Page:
First Interstellar Asteroid Spotted

Nicholas Kang

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Last week, astronomers using the PanSTARRS 1 telescope perched on the Haleakalā volcano on the island of Maui spotted what they believe is the first comet (now recategorized as asteroid) ever detected that does not orbit the sun.

The comet, designated C/2017 U1, appears to have come from the direction of the constellation Lyra, and preliminary observations indicate it has a higher eccentricity than any known comet (1.1815), suggesting it is on a hyperbolic interstellar trajectory. The team's observations were published today by the International Astronomical Union's Minor Planet Center

Comet C/2017 U1 came in almost perpendicular to the orbital plane of the solar system and flew right under our noses, only 15,000,000 miles (24,000,000 km) from Earth, about half the distance to Mars. It is the highly eccentric orbit of the comet, meaning the orbit deviates significantly from a circle, that leads astronomers to believe it came from beyond the solar system.


Comet PanSTARRS (C/2017 U1) raced within about 0.25 astronomical unit of the Sun in early September and is now relatively close to Earth. Based on its extreme orbit, astronomers believe it arrived here from interstellar space. NASA / JPL / Horizons


Here's how Comet PanSTARRS (C/2017 U1) looked on October 21st as recorded at Tenagra Observatory near Rio Rico, Arizona. The images span 9 minutes, during which time the telescope tracked the object's motion, so background stars appear trailed. Each field is 3 arcminutes wide with north up. Paulo Holvorcem & Michael Schwartz (NASA grant #NNX15AE89G)
Code:
M.P.E.C. 2017-U181                               Issued 2017 Oct. 25, 03:53 UT

     The Minor Planet Electronic Circulars contain information on unusual
         minor planets and routine data on comets.  They are published
    on behalf of Division F of the International Astronomical Union by the
          Minor Planet Center, Smithsonian Astrophysical Observatory,
                          Cambridge, MA 02138, U.S.A.

             Prepared using the Tamkin Foundation Computer Network

                              [email protected]
            URL http://www.minorplanetcenter.net/    ISSN 1523-6714

                          COMET C/2017 U1 (PANSTARRS)

     Further observations of this object are very much desired.  Unless there
are serious problems with much of the astrometry listed below, strongly
hyperbolic orbits are the only viable solutions.  Although it is probably
not too sensible to compute meaningful original and future barycentric orbits,
given the very short arc of observations, the orbit below has e ~ 1.2 for
both values.  If further observations confirm the unusual nature of this
orbit, this object may be the first clear case of an interstellar comet.

Observations:
    CK17U010  C2017 10 18.47298 01 59 57.442+02 06 04.30         19.8 TLEU181F51
    CK17U010  C2017 10 18.49990 01 59 08.910+02 07 20.19               LEU181F51
    CK17U010  C2017 10 19.39715 01 34 55.362+02 45 03.20         19.9 TLEU181F51
    CK17U010  C2017 10 19.40837 01 34 38.745+02 45 28.24         19.9 TLEU181F51
    CK17U010  C2017 10 19.41968 01 34 21.948+02 45 53.55         20.1 TLEU181F51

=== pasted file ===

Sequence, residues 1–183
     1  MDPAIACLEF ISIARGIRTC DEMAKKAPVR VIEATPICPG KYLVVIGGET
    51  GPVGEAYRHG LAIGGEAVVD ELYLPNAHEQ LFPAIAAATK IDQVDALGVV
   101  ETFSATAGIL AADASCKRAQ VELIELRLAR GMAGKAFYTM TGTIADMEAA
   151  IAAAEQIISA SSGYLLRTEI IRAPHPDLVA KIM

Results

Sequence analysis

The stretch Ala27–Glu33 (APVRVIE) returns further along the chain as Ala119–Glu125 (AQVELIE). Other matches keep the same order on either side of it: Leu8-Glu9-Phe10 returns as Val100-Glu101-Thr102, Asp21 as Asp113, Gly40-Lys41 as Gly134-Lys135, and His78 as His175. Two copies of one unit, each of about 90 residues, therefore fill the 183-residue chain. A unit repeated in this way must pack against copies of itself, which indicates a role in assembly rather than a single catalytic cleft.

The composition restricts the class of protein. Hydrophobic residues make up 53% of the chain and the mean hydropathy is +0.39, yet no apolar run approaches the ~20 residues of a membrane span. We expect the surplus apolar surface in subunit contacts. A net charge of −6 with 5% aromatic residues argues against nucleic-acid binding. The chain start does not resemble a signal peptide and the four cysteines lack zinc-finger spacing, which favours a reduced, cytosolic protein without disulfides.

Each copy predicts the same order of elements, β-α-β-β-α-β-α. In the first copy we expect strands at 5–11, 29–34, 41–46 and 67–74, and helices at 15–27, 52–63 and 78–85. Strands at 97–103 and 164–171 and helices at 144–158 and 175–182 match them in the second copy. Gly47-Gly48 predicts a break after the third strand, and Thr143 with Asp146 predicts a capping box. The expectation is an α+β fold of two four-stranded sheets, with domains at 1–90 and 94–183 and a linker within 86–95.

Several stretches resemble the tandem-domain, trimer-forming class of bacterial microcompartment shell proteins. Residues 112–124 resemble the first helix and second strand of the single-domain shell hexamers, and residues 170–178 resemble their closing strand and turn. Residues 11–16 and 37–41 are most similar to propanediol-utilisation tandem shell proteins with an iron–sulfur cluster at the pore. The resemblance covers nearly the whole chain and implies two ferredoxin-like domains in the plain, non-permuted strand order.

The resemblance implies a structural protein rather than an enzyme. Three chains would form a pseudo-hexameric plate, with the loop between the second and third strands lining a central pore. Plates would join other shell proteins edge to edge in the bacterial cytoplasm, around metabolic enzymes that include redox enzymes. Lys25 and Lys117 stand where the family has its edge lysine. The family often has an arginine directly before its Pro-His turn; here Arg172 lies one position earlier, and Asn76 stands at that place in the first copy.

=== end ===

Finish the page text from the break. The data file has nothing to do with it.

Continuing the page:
CK17U010  C2017 10 19.43106 01 34 05.174+02 46 18.89         20.1 TLEU181F51
    CK17U010 KC2017 10 19.86072 01 24 07.89 +03 01 07.5          19.6 TUEU181104
    CK17U010 KC2017 10 19.86492 01 24 02.21 +03 01 16.3          19.8 TUEU181104
    CK17U010 KC2017 10 19.86905 01 23 56.69 +03 01 24.7          20.3 TUEU181104
    CK17U010 KC2017 10 19.94093401 22 22.288+03 03 53.76         20.3 TUEU181J04
    CK17U010 KC2017 10 19.94390101 22 18.372+03 03 59.57         20.1 TUEU181J04
    CK17U010  C2017 10 20.17250 01 17 27.47 +03 11 07.8          19.9 TUEU181I52
    CK17U010  C2017 10 20.17348 01 17 26.22 +03 11 09.6          20.2 TUEU181I52
    CK17U010  C2017 10 20.17448 01 17 24.96 +03 11 11.3          20.2 TUEU181I52
    CK17U010  C2017 10 20.17546 01 17 23.73 +03 11 13.0          20.6 TUEU181I52
    CK17U010 KC2017 10 21.22371 00 57 56.30 +03 39 16.9          20.2 ToEU181291
    CK17U010 KC2017 10 21.22623 00 57 53.76 +03 39 20.5          19.5 ToEU181291
    CK17U010 KC2017 10 21.22877 00 57 51.19 +03 39 24.2          19.6 ToEU181291
    CK17U010  C2017 10 21.37476 00 55 26.71 +03 42 45.0          20.4 ToEU181926
    CK17U010  C2017 10 21.37804 00 55 23.53 +03 42 49.8          20.1 ToEU181926
    CK17U010  C2017 10 21.38132 00 55 20.35 +03 42 53.7          20.4 ToEU181926
    CK17U010 |C2017 10 22.29708 00 41 56.27 +04 01 25.0                vEU181H06
    CK17U010 |C2017 10 22.30118 00 41 52.93 +04 01 29.3                vEU181H06
    CK17U010 |C2017 10 22.30512 00 41 49.76 +04 01 33.5          20.7 TvEU181H06
    CK17U010 1C2017 10 22.46548 00 39 44.84 +04 04 55.4                 EU181Q62
    CK17U010 1C2017 10 22.47027 00 39 41.16 +04 04 59.9                 EU181Q62
    CK17U010 1C2017 10 22.47506 00 39 37.39 +04 05 04.8          19.9 T EU181Q62
    CK17U010 KC2017 10 23.18830 00 31 01.55 +04 16 02.6          20.4 TqEU181734
    CK17U010 KC2017 10 23.19547 00 30 56.65 +04 16 08.7          20.1 TqEU181734
    CK17U010 KC2017 10 23.20264 00 30 51.76 +04 16 14.6          20.4 TqEU181734
    CK17U010  C2017 10 24.23395 00 20 19.64 +04 30 08.4          20.9 TUEU181G96
    CK17U010  C2017 10 24.23917 00 20 16.75 +04 30 12.3                UEU181G96
    CK17U010  C2017 10 24.24438 00 20 13.82 +04 30 15.6          21.0 TUEU181G96
    CK17U010  C2017 10 24.24957 00 20 10.85 +04 30 19.7          20.7 TUEU181G96

Observer details:
104 San Marcello Pistoiese.  Observers P. Bacci, M. Maestripieri.  Measurers
    P. Bacci, L. Tesi, G. Fagioli.  0.60-m f/4 reflector + CCD.
291 LPL/Spacewatch II.  Observer R. A. Mastaler.  1.8-m f/2.7 reflector + CCD.
734 Farpoint Observatory.  Observer G. Hug.  0.69-m reflector + CCD.
926 Tenagra II Observatory.  Observers M. Schwartz, P. R. Holvorcem.  Measurer
    M. Schwartz.  0.81-m f/7 Ritchey-Chretien + CCD.
F51 Pan-STARRS 1, Haleakala.  Observers J. Bulger, T. Lowe, A. Schultz,
    M. Willman.  Measurers K. Chambers, S. Chastel, L. Denneau, H. Flewelling,
    M. Huber, E. Lilly, E. Magnier, R. Wainscoat, C. Waters, R. Weryk.  1.8-m
    Ritchey-Chretien + CCD.
G96 Mt. Lemmon Survey.  Observer G. J. Leonard.  Measurers E. J. Christensen,
    D. C. Fuls, A. R. Gibbs, A. D. Grauer, J. A. Johnson, R. A. Kowalski,
    S. M. Larson, G. J. Leonard, R. G. Matheny, R. L. Seaman, F. C. Shelly.
    1.5-m reflector + 10K CCD.
H06 iTelescope Observatory, Mayhill.  Observer H. Sato.  0.43-m f/6.8
    astrograph + CCD + f/4.5 focal reducer.
I52 Steward Observatory, Mt. Lemmon Station.  Observer R. A. Kowalski.
    Measurers E. J. Christensen, D. C. Fuls, A. R. Gibbs, A. D. Grauer,
    J. A. Johnson, R. A. Kowalski, S. M. Larson, G. J. Leonard, R. G. Matheny,
    R. L. Seaman, F. C. Shelly.  1.0-m reflector + CCD.
J04 ESA Optical Ground Station, Tenerife.  Observer D. Abreu.  Measurers
    M. Micheli, D. Koschny, M. Busch, A. Knoefel, E. Schwab.  1.0-m f/4.4
    reflector + CCD.
Q62 iTelescope Observatory, Siding Spring.  Observer H. Sato.  0.51-m f/6.8
    astrograph + CCD + f/4.5 focal reducer.